BWS: You reached people through the newsletter and through education to try to make sure people understood these services were available and how to find them.
GF: Yes. If I understood your question right, Barb, how did it get going?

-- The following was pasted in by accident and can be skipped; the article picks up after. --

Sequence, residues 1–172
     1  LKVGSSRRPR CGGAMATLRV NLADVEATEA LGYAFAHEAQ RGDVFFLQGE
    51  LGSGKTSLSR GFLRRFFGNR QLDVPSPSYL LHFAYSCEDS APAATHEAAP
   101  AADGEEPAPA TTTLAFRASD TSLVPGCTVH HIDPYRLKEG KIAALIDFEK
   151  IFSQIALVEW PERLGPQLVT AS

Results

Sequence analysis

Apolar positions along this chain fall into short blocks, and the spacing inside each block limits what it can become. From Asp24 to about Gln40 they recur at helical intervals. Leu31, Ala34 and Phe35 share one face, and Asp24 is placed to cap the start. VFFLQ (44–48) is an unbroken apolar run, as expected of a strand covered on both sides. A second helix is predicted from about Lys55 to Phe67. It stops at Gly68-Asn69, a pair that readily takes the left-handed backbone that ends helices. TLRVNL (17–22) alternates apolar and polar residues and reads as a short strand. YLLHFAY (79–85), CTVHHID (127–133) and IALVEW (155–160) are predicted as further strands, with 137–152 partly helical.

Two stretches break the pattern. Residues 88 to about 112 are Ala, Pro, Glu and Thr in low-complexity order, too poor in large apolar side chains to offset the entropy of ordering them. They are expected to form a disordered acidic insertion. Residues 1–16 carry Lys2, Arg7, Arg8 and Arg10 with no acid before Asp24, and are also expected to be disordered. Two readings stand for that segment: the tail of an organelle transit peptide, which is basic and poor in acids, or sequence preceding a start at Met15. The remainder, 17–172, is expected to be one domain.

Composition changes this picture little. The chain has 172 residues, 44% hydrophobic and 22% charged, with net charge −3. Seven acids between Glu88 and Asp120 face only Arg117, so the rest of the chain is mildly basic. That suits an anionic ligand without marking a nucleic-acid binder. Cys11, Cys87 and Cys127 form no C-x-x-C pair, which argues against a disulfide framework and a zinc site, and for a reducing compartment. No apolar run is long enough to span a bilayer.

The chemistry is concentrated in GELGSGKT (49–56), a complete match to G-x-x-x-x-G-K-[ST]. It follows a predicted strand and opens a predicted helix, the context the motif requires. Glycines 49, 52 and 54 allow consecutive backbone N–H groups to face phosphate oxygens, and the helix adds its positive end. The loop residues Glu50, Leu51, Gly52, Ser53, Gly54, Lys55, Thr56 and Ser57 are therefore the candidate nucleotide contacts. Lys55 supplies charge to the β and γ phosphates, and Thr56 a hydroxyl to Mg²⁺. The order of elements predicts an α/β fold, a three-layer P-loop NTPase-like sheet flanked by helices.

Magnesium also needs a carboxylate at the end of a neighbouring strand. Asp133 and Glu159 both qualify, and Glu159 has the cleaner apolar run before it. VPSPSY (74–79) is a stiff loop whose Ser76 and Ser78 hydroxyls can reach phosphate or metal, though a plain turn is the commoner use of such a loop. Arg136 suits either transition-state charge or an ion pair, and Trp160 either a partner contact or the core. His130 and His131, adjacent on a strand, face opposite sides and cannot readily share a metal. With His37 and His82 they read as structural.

GF: OK. In working closely with State Services for the Blind, I suggested to them that the libraries are a good repository for all types of books and things that people need for education and that, possibly, they might be a good place to have some of the equipment – computers with the adaptive software to help people that come in to the library that might want to read about certain things. It was possible to take a book and lay it on the scanner and that scanner is equipped with the optical character recognition software, just like a copier machine, and then it converts that text over to speech and it also can be enlarged on the monitor so that a person with low vision could easily read a monitor and see the book just like an ordinary person reading with normal vision. Well, when we got the libraries – librarians – together at two different meetings, the Hennepin County library system was very quick to jump on the utilization of JAWS – which is one of the softwares that converts word to speech – and installed it in one of the first libraries, I believe, out in the western side of Minneapolis. Then, after they trained some of the librarians on how to do some basic tutorial training of the use of this equipment, we had a couple more meetings, and the St. Paul representative for the development of library services and the Friends of the Library became acquainted with it. We provided them with the grant proposals that the Senior Federation helped me develop to try and get money from other sources to install the computers at their library. So today they have one in Highland Park library and one in what they call the job workforce center library in St. Paul on Dale and University Avenue. As a result of this, the – somebody – the Hudson family gave some money to the Minneapolis – what do I want to call it – the Minneapolis Foundation to fund what they called digital inclusion. From that the main library in downtown Minneapolis has several computers all equipped with this type of software and they were able to – with the funding from this digital inclusion fund – able to hire some visually impaired computer users who have been longtime users of all these softwares to be able to do tutorial work for anybody that came into that library. So today, they hold two and three hour programs – training – on specific applications of Windows.